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Memorial Stadium 1950 - 2002

Memorial Stadium was originally known as Venable Stadium back in 1944. A sign above the entrance, dedicated in 1954, had the following inscription:

 

"Dedicated as a memorial to all who so valiantly fought in the world wars with eternal gratitude to those who made the supreme sacrifice to preserve equality and freedom throughout the world – time will not dim the glory of their deeds."

 

When that sign was put in place, there were some members of the Baltimore Orioles who cursed he park: "You just didn't have a close relationship with the fans," according to original Oriole shortstop Billy Hunter. Before the field boxes were built in 1961, there was acres and acres of foul territory. "The hitters hated it," Hunter said. "There were a lot of outs that normally would have been in the stands somewhere else."

 

The same could be said for the outfield: the original dimensions were 447 feet to the alleys and 450 feet to dead center (which is how many of the fly balls going out there ended up). Fences were brought in four times, to where center field stood 405 feet away from home plate in 1991. The old outfield was replaced by planted trees and shrubbery.

 

Frank Robinson was the only player to hit a ball completely out of the park. After the homer was hit on Mothers' Day 1966, a flag was flown from the outer edge of the stadium at the point at which the ball left that simply said, "HERE".

 

This is the only ballpark to have a single-engine plane crash into its upper grandstand – and no major damage was done. The crash happened on December 19, 1976, right after the NFL's Baltimore Colts had lost to the Pittsburgh Steelers. Amazingly, no one was hurt.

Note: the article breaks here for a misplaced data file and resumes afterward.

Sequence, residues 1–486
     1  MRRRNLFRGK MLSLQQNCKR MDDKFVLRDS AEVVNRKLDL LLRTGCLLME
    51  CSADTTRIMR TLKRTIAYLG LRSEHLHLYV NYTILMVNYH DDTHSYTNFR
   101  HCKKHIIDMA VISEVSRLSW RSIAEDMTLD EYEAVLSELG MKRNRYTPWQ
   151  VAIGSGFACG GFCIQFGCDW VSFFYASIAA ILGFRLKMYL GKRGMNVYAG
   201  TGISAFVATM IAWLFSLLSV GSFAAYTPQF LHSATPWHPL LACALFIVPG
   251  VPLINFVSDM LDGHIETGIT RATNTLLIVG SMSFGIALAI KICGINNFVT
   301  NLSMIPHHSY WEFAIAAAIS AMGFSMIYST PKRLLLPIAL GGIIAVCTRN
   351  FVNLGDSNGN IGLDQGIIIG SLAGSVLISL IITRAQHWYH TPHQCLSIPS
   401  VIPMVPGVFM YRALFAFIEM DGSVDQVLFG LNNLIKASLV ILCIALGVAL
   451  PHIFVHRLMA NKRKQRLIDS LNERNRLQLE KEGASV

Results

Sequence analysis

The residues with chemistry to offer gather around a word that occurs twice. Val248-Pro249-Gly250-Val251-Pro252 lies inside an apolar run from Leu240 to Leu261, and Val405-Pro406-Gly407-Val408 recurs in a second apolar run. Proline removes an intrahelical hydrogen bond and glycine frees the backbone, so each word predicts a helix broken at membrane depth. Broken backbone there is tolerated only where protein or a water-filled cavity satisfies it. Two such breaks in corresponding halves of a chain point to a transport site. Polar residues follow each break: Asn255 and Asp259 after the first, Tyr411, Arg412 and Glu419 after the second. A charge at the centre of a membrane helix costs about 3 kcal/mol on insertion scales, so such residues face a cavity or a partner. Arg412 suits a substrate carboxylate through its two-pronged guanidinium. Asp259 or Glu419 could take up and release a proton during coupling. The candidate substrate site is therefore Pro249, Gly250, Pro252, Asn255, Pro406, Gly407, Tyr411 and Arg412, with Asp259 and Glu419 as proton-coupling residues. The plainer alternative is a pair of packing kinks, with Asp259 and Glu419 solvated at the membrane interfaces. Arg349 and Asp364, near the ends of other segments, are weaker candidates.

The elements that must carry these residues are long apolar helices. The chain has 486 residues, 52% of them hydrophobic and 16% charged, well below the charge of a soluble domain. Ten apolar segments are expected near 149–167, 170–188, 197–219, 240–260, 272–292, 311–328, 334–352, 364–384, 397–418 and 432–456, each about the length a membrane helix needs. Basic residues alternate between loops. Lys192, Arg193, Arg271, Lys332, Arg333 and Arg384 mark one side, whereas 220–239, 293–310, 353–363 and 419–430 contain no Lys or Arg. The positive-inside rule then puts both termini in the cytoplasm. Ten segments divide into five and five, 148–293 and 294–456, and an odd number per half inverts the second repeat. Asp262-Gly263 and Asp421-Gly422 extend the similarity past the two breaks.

The fight to replace this stadium, built in the middle of the suburbs of Baltimore, MD, began in the mid-1970's, when discussion of a possible domed stadium in the area of Camden Yards was talked about.

 

Even though the park was the home of crabcakes, 17 titles for the O's, and had a hometown feel about it, most players and fans were looking forward to playing in Camden Yards' Oriole Park.

 

The stadium the Orioles left behind - "Thank yoooouuu" was heard for the last time at Memorial Stadium on October 6, 1991 - lasted a little bit longer as a ballpark – the Bowie Baysox played their Eastern League home games here until their new park was finished in 1994. The stadium was temporary home to the Baltimore Ravens of the NFL (formerly known as the Cleveland Browns) through 1997. The Ravens moved into their new stadium – named for a now-defunct corporation – in 1998.

 

Demolition began in November of 2000, and the park was finally torn down in February of 2002. Its site is slated to become a senior apartment complex and a branch of the YMCA, with retail space nearby.

 

The last line of the inscription on the front of the park is now part of a veterans' memorial at Camden Yards, but the entire sign isn't there: the letters spelling the park's name on that sign have been leased to Cal Ripken Jr. for a replica of the park at his baseball academy in Aberdeen, MD – for only $1 per letter.

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Tagged:
1966 World Series, 1969 World Series, 1970 World Series, 1971 World Series, 1979 World Series, 1983 World Series, All Star, Baltimore Orioles, Memorial Stadium

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